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Thread: Envelope House

  1. #1
    Join Date
    Feb 2015
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    Wisconsin
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    Default Envelope House

    I have been asked to inspect an envelope house. Last one I saw was 40 years ago. Does anyone have any suggestions as to anything I should look for that I would not see in an ordinary house?

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  2. #2
    Join Date
    Dec 2008
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    Maryland
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    Default Re: Envelope House

    Single or double envelope design makes a bit of a difference in structural design. Then there is the question of efficiency of design. Air quality. Are you testing for air tightness/seal? Passive and active air exchange design and equipment? Methods to control humidity within the structure. Areas that will collect condensation good and bad including design to deal with that condensation.

    Kinda depends how deep into design/function you are looking at.


  3. #3

    Default Re: Envelope House

    As Gary stated your question is too broad...

    Jeff Zehnder - Home Inspector, Raleigh, NC
    http://www.jjeffzehnder.com/
    http://carolinahomeinspections.com/

  4. #4
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    Feb 2009
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    Default Re: Envelope House

    Why not Google it?


    Lee Porter Butler

    The 60's, man.

    John Kogel, RHI, BC HI Lic #47455
    www.allsafehome.ca

  5. #5
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    Default Re: Envelope House

    Quote Originally Posted by John Kogel View Post
    Why not Google it?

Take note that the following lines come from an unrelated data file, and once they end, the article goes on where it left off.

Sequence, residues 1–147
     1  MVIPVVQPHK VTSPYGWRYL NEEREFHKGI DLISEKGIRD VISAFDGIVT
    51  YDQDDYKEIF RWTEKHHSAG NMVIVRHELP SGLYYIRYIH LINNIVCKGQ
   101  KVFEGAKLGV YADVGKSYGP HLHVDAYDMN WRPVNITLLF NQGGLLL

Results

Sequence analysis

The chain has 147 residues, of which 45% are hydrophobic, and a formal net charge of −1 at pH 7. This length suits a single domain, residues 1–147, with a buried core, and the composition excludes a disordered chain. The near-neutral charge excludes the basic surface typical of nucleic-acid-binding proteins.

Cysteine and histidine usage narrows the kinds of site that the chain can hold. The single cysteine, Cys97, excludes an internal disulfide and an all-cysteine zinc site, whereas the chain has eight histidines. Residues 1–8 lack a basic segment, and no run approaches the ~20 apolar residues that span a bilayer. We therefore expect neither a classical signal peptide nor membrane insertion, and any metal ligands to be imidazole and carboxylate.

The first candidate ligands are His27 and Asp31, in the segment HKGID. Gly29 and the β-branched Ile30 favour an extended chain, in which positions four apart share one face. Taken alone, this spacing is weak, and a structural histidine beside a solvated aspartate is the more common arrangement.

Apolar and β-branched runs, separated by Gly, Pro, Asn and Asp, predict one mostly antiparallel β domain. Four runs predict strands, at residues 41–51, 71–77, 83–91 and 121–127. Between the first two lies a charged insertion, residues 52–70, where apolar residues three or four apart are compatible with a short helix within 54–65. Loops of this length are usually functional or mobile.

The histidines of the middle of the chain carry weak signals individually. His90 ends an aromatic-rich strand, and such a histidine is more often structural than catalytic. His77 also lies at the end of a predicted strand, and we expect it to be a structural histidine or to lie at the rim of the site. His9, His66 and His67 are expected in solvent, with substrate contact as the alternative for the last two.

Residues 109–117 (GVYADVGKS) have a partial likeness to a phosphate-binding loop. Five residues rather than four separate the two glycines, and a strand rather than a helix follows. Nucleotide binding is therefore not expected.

Lee Porter Butler

    The 60's, man.

    I think Roger was looking for a check list of items to look for that are specific to this type of home design. Being a design that is kinda rare. The real issue is in how deep into the design concept/function that you would be looking at. Standard SOP of inspection or opinion on design function or issues that may be occurring. The houses are built to code so that is not where the atypical part of the inspection would start.

    The construction materials are basically common off the self items. With the exception of solar hot water collectors. It is how they are used that puts the real twist into the equation. Walls are walls, electric is electric, plumbing is plumbing and foundation is foundation, so cracks are cracks and leaks are leaks.

    Roger,
    if you are still on the fence rail over what to look at, just make it a thorough in-depth inspection beyond what your off the shelf inspect program may have you commenting on .


  6. #6
    Join Date
    Feb 2015
    Location
    Wisconsin
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    Default Re: Envelope House

    Quote Originally Posted by Garry Sorrells View Post
    I think Roger was looking for a check list of items to look for that are specific to this type of home design. Being a design that is kinda rare. The real issue is in how deep into the design concept/function that you would be looking at. Standard SOP of inspection or opinion on design function or issues that may be occurring. The houses are built to code so that is not where the atypical part of the inspection would start.

    The construction materials are basically common off the self items. With the exception of solar hot water collectors. It is how they are used that puts the real twist into the equation. Walls are walls, electric is electric, plumbing is plumbing and foundation is foundation, so cracks are cracks and leaks are leaks.

    Roger,
    if you are still on the fence rail over what to look at, just make it a thorough in-depth inspection beyond what your off the shelf inspect program may have you commenting on .
    Garry, thank you for the helpful response. I had done some research and decided what you have said is basically the case. I inspected the house this morning. It is pretty normal and looks solidly built. The owners did a couple of things (add an Attic fan and a duct from a through-wall AC unit to the attic) that seem to make little sense and in my opinion probably compromise the original premise of the design. It also appears to have a wood foundation, which is not common in Wisconsin, but that is not visible anywhere. Overall an interesting and nice house. The buyers are excited.


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